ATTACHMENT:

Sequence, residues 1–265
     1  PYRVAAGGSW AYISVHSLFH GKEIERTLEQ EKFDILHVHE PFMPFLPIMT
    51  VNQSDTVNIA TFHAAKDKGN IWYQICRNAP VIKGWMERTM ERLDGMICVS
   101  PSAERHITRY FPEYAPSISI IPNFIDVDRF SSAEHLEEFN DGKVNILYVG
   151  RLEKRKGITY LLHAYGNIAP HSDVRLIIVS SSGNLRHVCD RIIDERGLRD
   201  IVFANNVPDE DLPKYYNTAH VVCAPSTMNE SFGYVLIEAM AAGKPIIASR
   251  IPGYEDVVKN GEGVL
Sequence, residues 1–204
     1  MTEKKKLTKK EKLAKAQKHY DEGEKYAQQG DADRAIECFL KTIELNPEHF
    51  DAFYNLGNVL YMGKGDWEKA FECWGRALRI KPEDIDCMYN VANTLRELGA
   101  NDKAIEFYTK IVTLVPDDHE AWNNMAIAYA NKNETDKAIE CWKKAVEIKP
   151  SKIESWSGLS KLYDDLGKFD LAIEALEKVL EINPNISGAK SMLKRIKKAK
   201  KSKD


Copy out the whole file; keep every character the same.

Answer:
Sequence, residues 1–265
     1  PYRVAAGGSW AYISVHSLFH GKEIERTLEQ EKFDILHVHE PFMPFLPIMT
    51  VNQSDTVNIA TFHAAKDKGN IWYQICRNAP VIKGWMERTM ERLDGMICVS
   101  PSAERHITRY FPEYAPSISI IPNFIDVDRF SSAEHLEEFN DGKVNILYVG
   151  RLEKRKGITY LLHAYGNIAP HSDVRLIIVS SSGNLRHVCD RIIDERGLRD
   201  IVFANNVPDE DLPKYYNTAH VVCAPSTMNE SFGYVLIEAM AAGKPIIASR
   251  IPGYEDVVKN GEGVL
Sequence, residues 1–204
     1  MTEKKKLTKK EKLAKAQKHY DEGEKYAQQG DADRAIECFL KTIELNPEHF
    51  DAFYNLGNVL YMGKGDWEKA FECWGRALRI KPEDIDCMYN VANTLRELGA
   101  NDKAIEFYTK IVTLVPDDHE AWNNMAIAYA NKNETDKAIE CWKKAVEIKP
   151  SKIESWSGLS KLYDDLGKFD LAIEALEKVL EINPNISGAK SMLKRIKKAK
   201  KSKD